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|Sergio Garcia was the first youngster marked as a chief threat to Tiger Woods. (.)|
The accent has been on youth on the PGA Tour for the last several seasons, and there appears to be no end in sight as the youngsters continue their charge for a place in the sun. Of course, it was Tiger Woods who struck the first blow for the upsurge of the young generation, doing all those remarkable things before he was even 20. But since then, over the last four years, there has been a steady procession of Tiger wannabe's, swinging from the hindquarters and hoping to challenge him one day soon.
The latest to grab the attention of the golf world is 16-year-old Ty Tryon, a sophomore at Lake Highland Prep in Orlando, Florida, who became the second youngest player to make the cut in a PGA Tour event. He had a 67 and a 68 on his way to a 10-under 278 that left him tied for 39th with such beribboned veterans as Mark O'Meara and Lee Janzen. Ty is still an amateur, and thus he missed the $12,480 check he might have earned as a pro. But he had something that was even better; he had made the cut in his very first PGA Tour event, something Tiger never did.
He also provided one of the most moving scenes in TV golf this year. After finishing his round, he walked over to his playing partner, Tom Lehman, extended his hand and said, "Thank you, Mr. Lehman." A lot of golfers talked about that the next day, proud to be part of the golfing fraternity.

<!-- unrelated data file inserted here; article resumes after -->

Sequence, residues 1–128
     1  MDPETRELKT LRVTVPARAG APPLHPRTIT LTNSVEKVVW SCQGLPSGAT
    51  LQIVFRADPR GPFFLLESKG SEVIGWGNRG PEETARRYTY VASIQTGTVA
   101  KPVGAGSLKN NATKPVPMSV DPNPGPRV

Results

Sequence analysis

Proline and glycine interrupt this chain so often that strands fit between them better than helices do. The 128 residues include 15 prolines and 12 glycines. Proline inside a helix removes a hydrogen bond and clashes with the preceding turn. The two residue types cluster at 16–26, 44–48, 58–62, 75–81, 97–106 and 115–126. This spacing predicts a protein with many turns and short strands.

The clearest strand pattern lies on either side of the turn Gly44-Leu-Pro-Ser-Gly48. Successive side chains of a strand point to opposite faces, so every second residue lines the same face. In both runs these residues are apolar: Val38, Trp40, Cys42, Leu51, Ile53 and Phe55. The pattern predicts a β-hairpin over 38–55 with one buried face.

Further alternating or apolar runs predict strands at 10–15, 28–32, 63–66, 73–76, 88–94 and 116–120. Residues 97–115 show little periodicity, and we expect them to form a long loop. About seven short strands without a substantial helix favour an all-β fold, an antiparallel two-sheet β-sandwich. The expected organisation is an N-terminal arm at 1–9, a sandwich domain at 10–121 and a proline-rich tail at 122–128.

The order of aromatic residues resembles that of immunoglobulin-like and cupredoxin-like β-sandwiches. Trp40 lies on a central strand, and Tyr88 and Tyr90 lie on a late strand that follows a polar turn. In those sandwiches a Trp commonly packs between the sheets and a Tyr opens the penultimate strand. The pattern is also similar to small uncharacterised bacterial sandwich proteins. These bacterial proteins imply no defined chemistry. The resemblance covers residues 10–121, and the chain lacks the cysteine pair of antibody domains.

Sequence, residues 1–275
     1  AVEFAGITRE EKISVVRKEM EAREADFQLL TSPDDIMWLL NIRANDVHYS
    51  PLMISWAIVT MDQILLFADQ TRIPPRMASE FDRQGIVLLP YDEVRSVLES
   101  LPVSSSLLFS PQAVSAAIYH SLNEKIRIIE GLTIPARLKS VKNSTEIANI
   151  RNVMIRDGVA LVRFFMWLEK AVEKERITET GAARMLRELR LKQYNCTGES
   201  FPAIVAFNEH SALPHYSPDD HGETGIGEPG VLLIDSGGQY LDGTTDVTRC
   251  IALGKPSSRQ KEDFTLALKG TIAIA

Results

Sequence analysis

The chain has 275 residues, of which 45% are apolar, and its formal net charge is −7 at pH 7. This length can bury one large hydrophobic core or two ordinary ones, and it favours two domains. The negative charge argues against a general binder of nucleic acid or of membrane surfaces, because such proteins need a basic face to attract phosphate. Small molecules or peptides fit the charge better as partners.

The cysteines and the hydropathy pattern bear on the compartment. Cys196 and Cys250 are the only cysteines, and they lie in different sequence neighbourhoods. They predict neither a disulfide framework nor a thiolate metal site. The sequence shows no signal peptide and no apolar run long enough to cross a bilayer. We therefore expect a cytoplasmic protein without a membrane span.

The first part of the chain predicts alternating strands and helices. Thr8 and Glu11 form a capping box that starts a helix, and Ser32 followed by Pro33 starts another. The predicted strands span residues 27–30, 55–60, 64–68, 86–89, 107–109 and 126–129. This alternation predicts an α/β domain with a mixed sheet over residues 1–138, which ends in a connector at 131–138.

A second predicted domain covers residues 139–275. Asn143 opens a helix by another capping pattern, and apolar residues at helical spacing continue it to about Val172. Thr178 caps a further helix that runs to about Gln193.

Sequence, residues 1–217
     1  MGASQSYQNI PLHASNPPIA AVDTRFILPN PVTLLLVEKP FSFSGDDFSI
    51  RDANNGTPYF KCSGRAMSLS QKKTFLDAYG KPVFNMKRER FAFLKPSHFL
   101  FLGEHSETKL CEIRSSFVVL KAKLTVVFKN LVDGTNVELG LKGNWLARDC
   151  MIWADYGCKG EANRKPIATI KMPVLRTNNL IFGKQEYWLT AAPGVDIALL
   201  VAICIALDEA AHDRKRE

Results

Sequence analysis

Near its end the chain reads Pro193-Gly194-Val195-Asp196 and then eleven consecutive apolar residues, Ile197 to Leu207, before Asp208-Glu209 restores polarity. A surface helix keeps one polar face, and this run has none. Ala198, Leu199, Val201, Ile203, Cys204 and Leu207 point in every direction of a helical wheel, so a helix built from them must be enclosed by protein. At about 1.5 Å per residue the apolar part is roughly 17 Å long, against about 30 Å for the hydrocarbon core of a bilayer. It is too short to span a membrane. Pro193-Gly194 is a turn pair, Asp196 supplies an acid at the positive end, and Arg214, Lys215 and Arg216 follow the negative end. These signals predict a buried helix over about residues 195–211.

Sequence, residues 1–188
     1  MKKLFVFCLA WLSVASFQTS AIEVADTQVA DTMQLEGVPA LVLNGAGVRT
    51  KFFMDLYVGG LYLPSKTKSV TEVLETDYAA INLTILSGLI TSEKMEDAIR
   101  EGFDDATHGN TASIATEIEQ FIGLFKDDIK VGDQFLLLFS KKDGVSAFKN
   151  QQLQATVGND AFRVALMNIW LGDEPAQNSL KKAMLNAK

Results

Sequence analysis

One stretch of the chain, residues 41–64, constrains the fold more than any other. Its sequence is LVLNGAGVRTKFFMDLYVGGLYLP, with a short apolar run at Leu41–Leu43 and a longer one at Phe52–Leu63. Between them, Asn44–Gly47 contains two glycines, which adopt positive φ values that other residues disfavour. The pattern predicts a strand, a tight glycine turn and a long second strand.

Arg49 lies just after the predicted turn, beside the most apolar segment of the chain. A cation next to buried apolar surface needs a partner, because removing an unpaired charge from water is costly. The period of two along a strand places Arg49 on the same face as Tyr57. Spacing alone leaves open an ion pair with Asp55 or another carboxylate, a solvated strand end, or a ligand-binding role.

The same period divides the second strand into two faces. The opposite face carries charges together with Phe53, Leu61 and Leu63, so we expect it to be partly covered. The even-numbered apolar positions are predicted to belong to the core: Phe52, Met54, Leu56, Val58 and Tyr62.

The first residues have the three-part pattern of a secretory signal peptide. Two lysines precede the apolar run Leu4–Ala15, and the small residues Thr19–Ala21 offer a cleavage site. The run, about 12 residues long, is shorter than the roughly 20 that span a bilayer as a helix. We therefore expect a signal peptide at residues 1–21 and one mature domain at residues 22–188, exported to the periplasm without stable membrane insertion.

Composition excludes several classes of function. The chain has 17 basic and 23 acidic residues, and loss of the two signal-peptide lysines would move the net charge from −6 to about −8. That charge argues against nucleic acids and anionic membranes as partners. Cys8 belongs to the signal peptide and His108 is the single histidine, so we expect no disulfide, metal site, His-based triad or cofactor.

Young Tryon wasn't as excited over his achievement, however, as he was about being pursued for his autograph. He was giddy about that.
Any ambitions Tryon might have for making it big on the Tour could face a serious challenge from a platoon of young players from Down Under. The most talked about of these is good-looking Aaron Baddeley, 20, who just turned pro and already has a pair of victories this winter on the Australian Tour. He's now taken up residence in Scottsdale, Arizona, and he's played a few practice rounds at the Augusta National in recent weeks, prepping for his first start in the upcoming Masters.
In the recent Honda Classic, Baddeley was upstaged by most of his fellow Aussies, as well as New Zealander Craig Perks. Jeff Olgivie, 23, from Melbourne, came within a whisker of pushing ultimate winner, Jesper Parnevik, into a playoff. A bogey on the final hole left him one short and tied with Parks and Mark Calcavecchia for the runner-up spot. Another Aussie, Adam Scott, 20, impressed many with rounds of 67 and 68 that helped him ring in at 13-under at the finish. Scott, incidentally, also is in the stable of Butch Harmon, Tiger's well-publicized coach.